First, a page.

The government won't expose women's enjoyment of sex. Photo: Getty
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No spanking or bondage: why the government’s new porn laws are arbitrary and sexist

The Audiovisual Media Services Regulations 2014 impose restrictions on the content of pornography made and sold within the UK with a perplexing ignorance.

In a hopeless government attempt to control what Britons get off on, new rules regulating the UK porn industry have come into force this week. The Audiovisual Media Services Regulations 2014 imposes restrictions on the content of pornography made and sold within the UK – and it does so with a perplexing ignorance about the realities of modern technology.

British porn producers and consumers will now be subject to some of the harshest restrictions anywhere in Europe, with speculation that this is only the beginning. Video-on-demand content produced or sold in the UK is no longer permitted to show a vague and arbitrary list of explicit acts.

Physical or verbal abuse, depictions of non-consensual sex, strangulation, and urination in sexual context are all included on the list. Only “gentle” spanking, whipping and caning is allowed, though where exactly the government draws the line between the gentle and the excessive on this particular matter is unclear.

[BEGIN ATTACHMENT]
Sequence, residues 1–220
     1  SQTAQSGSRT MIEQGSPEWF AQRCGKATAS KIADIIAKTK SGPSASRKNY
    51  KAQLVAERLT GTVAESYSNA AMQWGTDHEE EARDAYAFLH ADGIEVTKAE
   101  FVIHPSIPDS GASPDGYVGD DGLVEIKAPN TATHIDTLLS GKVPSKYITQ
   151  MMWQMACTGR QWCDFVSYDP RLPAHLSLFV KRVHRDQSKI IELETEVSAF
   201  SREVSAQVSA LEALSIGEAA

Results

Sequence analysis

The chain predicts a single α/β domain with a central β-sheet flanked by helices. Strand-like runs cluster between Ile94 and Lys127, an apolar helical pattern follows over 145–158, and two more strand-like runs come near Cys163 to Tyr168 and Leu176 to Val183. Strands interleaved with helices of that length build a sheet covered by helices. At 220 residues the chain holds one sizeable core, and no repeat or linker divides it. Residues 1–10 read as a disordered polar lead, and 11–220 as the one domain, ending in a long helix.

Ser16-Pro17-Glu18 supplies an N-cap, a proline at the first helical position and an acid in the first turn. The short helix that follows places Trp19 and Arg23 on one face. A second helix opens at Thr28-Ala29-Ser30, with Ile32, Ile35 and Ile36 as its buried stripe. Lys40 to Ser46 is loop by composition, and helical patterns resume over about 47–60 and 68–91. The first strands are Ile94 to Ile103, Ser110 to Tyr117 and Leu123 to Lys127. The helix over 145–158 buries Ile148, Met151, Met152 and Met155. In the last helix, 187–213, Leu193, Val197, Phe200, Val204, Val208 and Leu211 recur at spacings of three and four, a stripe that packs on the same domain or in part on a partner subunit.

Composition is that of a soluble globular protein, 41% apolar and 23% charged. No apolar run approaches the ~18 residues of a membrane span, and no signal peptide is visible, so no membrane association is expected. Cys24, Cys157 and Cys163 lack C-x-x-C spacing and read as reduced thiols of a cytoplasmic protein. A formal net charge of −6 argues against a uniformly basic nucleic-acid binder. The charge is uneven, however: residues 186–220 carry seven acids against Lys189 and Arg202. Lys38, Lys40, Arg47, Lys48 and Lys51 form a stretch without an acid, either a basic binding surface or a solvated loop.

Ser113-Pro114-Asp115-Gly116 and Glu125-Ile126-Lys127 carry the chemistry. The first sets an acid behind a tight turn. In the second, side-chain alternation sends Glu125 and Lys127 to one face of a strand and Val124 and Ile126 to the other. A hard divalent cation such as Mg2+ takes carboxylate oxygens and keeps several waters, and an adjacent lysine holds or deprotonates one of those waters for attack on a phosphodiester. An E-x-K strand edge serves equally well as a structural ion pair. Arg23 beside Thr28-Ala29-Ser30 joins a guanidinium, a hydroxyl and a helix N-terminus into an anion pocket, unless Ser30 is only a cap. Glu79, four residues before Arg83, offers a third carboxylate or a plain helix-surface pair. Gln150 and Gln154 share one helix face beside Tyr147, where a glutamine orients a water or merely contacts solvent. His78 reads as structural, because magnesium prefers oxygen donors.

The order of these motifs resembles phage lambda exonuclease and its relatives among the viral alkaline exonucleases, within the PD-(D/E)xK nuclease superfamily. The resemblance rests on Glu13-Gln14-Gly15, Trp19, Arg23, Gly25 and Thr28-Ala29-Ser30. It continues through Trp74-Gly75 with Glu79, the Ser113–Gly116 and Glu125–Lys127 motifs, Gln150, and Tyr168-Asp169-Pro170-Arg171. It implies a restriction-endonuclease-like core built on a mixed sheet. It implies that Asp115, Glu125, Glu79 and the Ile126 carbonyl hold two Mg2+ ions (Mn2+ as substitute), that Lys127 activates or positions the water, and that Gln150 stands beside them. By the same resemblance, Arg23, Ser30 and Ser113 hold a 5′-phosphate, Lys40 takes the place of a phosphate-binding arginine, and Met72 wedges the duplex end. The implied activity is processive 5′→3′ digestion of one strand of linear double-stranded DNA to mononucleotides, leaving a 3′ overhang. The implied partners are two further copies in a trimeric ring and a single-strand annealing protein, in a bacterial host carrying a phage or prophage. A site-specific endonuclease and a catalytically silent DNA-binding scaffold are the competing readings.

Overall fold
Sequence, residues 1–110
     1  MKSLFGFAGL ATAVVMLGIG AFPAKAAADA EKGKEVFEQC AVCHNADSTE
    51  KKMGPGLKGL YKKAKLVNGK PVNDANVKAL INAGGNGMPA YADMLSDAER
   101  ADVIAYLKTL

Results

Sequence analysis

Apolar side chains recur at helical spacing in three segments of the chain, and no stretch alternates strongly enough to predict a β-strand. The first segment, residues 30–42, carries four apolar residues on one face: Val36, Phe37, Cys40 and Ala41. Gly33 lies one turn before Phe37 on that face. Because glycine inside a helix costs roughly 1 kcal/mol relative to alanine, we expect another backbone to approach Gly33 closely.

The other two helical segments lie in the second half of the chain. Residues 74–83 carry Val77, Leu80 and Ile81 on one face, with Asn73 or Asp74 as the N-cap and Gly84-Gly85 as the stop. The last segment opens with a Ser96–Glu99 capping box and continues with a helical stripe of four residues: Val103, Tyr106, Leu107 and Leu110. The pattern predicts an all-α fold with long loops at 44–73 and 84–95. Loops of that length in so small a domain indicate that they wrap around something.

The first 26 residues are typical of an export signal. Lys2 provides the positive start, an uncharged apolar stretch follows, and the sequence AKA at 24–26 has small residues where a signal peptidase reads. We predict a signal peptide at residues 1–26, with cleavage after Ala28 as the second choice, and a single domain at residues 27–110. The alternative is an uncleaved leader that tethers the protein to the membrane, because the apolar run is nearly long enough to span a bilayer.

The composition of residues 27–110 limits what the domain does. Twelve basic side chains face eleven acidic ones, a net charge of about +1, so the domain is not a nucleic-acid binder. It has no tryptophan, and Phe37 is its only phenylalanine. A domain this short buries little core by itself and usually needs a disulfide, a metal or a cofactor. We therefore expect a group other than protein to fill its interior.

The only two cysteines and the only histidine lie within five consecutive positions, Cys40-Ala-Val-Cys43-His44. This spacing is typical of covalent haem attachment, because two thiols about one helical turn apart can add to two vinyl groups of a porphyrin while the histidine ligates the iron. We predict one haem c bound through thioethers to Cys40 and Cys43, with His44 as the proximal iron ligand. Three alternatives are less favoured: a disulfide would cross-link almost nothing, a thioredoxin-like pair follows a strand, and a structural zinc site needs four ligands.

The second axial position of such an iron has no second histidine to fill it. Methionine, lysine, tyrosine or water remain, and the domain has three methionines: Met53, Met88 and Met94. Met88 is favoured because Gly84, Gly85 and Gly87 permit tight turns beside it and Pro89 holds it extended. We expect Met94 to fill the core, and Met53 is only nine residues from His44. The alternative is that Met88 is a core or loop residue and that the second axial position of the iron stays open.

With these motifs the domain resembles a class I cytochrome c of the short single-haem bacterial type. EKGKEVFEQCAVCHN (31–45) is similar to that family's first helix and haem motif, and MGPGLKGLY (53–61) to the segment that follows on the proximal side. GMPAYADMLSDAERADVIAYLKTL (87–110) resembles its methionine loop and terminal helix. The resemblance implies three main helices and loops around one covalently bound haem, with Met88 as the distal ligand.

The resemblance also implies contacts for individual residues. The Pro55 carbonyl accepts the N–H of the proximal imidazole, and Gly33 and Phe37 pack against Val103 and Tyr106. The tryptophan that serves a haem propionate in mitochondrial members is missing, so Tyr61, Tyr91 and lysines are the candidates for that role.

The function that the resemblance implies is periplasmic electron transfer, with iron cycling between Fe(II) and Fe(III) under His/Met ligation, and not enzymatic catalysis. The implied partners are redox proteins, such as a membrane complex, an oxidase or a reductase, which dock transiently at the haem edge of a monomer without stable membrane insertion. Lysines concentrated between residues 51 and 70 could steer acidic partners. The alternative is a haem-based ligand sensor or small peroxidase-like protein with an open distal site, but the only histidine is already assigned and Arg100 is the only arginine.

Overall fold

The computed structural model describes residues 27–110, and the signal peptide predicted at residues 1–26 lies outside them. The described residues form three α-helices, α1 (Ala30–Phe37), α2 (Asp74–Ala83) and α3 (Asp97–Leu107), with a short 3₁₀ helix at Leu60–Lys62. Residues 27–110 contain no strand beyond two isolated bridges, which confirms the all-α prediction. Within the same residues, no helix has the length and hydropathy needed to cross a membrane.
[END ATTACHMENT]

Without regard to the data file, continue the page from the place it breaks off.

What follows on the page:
Some of the acts facing on-screen censorship are especially popular in LGBT and BDSM communities, and participants argue that taking part in them poses no risk to consenting adults. Much more taboo sexual activities such as bukkake (a large group of men climaxing all over the same woman) and paraphilic infantilism (dressing up and being treated like a baby for sexual pleasure) are seemingly not addressed by this new legislation.

Not only is the law misguided, it’s also deeply sexist. Showing female ejaculation on screen has been outlawed completely, while male ejaculation (on the face, breasts, feet, backside, wherever) faces no direct restrictions. Is female ejaculation really so vulgar and explicit that people shouldn’t see it, in pornography or anywhere else?

Restrictions on fisting, facesitting and which objects can be inserted into an adult’s body are included too. Regulating depictions of these acts – those relating directly to female sexual pleasure – make it seem like society is at risk from exposure to women’s enjoyment of sex, at least according to the government.

Protecting under-18s is supposedly at the heart of these regulations – preventing children from accessing “harmful material” that may “seriously impair” them. The peculiar piece of legislation only impacts paid-for, video-on-demand (VoD) content, so the idea that it in itself will have any real impact on the kind of porn that UK consumers – of age or otherwise – regularly access is ridiculous.

It’s not young people who are subscribing and accessing paid-for content online; these kinds of sites normally require a credit card or Paypal account to get past their paywalls. The new rules do nothing to address free, non-regulated content produced in other countries and uploaded to global streaming websites. So it begs the question, what’s the point of all this?

After the quiet ushering through of the Bill – seemingly without public surveys or much independent research to back it up – some have expressed concerns that this law change is the first step towards restricting access to “undesirable” foreign websites, with huge implications for the freedom of information online. With no concern for consent within or enjoyment of these sexual practices, the government appears to be legislating its own moral judgements on what is deemed acceptable in British society.